On Bastille Day, the world parties in the name of France. But do you know what makes Bastille Day so important—not just for France but the history of all democracies? The occasion is typically honored with military parades and copious consumption of libations. This mix of weapons and wooziness arguably sums up the legacy of July 14, 1789.
Bastille is French for “fortress,” “castle,” or “bastion.” The Bastille Saint-Antoine is a fortress-prison in Paris that was a symbol of the power of the French monarchy, and it was stormed on July 14, 1789—nearly 230 years ago. Essentially, France was on the brink of revolution. A quasi-legislature called the Estates-General met to try to deal with the crisis. They failed, primarily due to the resistance of the nobility who held the most sway. The Third Estate, which represented the middle class, or bourgeoisie, rebelled and formed the National Assembly, which also started its own militia, the National Guard.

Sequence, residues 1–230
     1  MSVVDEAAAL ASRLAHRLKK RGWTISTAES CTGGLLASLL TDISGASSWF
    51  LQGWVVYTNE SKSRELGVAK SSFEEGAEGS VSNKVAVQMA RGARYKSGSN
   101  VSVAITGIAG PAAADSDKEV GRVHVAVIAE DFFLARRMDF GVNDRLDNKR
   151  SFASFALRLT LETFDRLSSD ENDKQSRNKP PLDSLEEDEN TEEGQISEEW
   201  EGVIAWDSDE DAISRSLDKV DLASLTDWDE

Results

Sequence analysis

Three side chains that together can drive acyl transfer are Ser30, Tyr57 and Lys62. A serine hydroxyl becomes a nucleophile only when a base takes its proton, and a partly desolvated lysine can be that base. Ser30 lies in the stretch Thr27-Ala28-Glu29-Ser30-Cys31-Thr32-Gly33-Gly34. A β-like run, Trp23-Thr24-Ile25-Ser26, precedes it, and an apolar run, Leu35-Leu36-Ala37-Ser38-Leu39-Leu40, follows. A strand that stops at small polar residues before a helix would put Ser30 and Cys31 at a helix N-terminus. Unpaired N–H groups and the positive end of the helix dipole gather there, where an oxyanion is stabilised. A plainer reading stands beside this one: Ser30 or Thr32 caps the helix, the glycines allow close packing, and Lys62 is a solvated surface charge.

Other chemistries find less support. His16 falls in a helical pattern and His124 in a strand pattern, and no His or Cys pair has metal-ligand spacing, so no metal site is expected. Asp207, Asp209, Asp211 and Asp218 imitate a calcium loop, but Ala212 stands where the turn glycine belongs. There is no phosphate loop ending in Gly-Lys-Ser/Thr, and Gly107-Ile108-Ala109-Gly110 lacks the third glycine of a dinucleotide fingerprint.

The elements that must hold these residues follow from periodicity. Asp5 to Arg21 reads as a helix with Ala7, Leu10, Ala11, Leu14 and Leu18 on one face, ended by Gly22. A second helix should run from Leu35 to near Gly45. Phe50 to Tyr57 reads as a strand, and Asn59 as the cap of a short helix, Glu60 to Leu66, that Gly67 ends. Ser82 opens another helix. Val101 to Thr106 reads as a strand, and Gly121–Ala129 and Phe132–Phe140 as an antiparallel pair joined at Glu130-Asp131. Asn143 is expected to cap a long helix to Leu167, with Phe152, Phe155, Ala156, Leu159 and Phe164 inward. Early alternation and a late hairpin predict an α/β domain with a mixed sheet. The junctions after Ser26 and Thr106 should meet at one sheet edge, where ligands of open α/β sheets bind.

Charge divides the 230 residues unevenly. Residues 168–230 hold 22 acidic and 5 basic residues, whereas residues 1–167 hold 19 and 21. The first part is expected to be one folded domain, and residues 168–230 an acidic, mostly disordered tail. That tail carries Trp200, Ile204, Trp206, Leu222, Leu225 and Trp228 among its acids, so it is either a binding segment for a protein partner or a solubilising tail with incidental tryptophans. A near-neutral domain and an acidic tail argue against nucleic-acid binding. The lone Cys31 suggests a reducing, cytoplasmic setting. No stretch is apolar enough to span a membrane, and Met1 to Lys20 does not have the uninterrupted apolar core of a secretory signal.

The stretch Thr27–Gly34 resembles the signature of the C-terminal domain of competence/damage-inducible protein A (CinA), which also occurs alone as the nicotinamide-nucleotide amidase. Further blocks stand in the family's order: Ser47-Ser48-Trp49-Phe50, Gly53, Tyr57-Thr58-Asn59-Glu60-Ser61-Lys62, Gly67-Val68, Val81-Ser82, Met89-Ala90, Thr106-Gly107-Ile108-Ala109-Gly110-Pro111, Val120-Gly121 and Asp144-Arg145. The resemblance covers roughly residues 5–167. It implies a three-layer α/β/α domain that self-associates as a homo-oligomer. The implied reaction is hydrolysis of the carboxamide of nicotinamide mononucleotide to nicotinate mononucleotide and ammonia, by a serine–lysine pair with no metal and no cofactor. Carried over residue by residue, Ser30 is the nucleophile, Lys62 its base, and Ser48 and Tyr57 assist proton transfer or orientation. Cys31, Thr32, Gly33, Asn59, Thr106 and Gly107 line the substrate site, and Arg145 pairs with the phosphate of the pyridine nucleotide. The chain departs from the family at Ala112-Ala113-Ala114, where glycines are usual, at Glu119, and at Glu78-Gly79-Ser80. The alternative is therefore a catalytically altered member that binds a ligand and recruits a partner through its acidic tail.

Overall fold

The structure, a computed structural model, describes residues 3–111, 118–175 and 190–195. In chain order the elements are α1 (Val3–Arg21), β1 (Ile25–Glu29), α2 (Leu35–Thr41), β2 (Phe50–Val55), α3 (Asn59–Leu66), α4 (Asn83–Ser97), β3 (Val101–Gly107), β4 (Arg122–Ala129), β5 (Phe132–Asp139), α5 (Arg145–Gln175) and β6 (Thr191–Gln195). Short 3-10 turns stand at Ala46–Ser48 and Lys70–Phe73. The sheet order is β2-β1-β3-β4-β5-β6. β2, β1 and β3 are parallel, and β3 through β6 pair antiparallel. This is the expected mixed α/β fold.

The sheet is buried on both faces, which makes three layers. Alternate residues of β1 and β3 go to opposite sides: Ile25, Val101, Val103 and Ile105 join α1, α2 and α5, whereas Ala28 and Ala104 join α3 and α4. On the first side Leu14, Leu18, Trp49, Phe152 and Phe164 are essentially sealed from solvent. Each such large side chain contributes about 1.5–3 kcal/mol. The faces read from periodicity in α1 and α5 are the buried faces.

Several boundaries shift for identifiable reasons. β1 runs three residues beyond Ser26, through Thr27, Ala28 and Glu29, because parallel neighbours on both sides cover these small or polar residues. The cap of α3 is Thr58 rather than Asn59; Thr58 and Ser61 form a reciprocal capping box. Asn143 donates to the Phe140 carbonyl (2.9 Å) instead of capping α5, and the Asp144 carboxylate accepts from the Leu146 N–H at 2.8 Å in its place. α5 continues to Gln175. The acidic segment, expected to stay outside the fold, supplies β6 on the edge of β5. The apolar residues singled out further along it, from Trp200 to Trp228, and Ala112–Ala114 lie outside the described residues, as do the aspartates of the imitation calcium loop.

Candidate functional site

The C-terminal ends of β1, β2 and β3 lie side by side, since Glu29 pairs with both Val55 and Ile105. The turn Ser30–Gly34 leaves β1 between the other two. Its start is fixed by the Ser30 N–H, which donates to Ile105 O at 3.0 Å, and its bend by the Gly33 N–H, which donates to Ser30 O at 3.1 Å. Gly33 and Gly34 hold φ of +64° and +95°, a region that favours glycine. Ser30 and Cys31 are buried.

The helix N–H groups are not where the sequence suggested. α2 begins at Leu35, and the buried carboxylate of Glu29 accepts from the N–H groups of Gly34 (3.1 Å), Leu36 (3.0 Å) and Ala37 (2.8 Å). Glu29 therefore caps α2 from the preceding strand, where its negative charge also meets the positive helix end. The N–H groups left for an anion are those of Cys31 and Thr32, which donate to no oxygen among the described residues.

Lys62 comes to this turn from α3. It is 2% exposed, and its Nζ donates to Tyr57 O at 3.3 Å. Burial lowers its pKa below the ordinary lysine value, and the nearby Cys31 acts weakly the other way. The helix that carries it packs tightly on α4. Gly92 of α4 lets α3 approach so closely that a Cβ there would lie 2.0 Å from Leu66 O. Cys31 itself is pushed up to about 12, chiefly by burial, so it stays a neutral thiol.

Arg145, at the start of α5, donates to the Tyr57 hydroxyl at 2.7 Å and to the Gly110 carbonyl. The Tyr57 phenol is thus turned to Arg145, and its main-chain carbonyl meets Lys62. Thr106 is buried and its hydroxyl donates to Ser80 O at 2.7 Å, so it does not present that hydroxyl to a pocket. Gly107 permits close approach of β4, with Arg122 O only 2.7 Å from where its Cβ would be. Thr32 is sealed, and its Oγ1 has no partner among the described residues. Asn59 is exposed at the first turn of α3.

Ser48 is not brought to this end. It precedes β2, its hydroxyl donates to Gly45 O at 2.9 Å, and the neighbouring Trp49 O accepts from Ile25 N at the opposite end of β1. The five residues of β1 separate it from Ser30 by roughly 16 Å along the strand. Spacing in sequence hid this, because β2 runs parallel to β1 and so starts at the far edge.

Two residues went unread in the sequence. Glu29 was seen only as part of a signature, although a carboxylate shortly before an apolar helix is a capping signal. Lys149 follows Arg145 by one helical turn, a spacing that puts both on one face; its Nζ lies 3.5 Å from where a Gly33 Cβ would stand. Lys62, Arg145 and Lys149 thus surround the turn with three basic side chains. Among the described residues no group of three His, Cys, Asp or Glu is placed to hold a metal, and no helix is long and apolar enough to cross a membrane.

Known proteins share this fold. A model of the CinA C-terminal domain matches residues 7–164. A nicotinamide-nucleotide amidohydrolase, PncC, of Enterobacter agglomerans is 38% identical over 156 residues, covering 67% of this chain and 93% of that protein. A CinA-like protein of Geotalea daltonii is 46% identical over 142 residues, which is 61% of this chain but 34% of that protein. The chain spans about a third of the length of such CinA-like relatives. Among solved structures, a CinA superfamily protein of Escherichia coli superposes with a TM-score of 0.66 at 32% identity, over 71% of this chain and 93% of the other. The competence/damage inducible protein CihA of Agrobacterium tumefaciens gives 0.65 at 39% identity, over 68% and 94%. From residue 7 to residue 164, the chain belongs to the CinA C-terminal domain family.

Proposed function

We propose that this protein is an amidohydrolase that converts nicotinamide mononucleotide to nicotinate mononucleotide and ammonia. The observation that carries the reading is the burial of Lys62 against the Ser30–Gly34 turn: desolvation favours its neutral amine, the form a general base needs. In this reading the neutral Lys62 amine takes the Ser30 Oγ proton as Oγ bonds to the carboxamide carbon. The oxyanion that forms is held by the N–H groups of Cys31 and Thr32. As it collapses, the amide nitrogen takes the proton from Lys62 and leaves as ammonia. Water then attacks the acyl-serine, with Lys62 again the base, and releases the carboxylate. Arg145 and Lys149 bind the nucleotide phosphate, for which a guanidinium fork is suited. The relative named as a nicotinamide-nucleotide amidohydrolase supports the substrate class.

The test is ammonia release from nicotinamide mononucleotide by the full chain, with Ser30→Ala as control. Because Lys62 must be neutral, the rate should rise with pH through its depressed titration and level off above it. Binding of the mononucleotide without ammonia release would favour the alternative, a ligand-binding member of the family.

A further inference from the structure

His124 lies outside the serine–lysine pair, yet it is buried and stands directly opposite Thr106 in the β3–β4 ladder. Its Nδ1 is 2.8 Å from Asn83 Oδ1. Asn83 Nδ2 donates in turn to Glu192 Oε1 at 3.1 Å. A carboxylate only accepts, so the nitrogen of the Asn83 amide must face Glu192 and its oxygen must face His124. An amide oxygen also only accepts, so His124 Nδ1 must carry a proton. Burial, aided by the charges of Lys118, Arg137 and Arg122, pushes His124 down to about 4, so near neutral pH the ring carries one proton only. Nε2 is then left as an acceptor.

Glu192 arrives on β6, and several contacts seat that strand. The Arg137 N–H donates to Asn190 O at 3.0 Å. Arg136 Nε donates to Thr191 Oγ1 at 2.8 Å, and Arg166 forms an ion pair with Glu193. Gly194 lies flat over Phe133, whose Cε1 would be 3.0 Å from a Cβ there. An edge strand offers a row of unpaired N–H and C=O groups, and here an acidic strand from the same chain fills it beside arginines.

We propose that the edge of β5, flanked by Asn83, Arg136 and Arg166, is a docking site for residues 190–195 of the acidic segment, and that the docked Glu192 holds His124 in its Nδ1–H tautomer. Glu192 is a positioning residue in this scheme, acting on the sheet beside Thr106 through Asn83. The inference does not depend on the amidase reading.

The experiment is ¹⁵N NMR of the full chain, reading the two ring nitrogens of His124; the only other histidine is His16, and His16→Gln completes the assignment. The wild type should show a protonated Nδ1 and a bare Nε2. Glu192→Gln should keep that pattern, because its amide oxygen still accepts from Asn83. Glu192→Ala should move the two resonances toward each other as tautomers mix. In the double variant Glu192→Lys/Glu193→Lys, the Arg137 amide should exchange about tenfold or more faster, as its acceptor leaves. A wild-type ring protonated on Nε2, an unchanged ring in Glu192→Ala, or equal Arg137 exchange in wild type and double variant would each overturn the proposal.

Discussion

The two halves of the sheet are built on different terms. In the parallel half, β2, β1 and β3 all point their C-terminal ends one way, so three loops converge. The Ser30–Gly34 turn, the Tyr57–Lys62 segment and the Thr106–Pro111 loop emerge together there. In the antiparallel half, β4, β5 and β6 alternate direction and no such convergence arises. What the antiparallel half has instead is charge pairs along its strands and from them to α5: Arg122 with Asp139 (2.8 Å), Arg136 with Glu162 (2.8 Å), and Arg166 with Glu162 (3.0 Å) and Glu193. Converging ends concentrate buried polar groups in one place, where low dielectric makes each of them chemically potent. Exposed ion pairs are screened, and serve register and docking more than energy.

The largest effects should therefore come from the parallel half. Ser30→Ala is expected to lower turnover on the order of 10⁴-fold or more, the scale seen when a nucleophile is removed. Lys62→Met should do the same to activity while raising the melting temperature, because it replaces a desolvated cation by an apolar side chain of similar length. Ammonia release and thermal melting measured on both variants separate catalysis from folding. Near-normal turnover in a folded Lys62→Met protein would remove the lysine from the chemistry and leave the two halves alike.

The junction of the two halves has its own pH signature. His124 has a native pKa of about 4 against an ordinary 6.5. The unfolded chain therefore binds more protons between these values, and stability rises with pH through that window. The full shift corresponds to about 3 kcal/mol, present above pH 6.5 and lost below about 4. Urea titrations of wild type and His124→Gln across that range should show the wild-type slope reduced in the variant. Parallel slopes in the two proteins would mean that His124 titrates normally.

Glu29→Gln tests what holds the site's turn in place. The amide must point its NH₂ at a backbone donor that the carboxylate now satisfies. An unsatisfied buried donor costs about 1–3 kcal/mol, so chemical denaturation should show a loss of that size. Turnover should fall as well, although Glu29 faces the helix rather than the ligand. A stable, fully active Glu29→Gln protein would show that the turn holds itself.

You’re probably familiar with how this sort of event unfolds. Keep in mind that this was the first popular (we mean definition 3 of popular: “of, relating to, or representing the people, especially the common people”) revolt of its kind. Within days, the monarchy was driven out, and the nation was in the throes of the French Revolution. Paris was rioting, and a crowd gathered around the Bastille, demanding the surrender of the guards and a release of all prisoners. A bloody standoff ended with the capitulation of the royal forces. The Revolution wasn’t exactly smooth sailing (as Monsieur Guillotin would soon learn), but the storming of the Bastille is a dramatic symbol for the overthrow of tyranny in the name of the people.
Two more notes on Bastille Day: the French tricolor emblem (blue, white and red), stems from the colors of the National Guard. And in France, custom has it that the president issues pardons to (mostly minor) criminals on Bastille Day.
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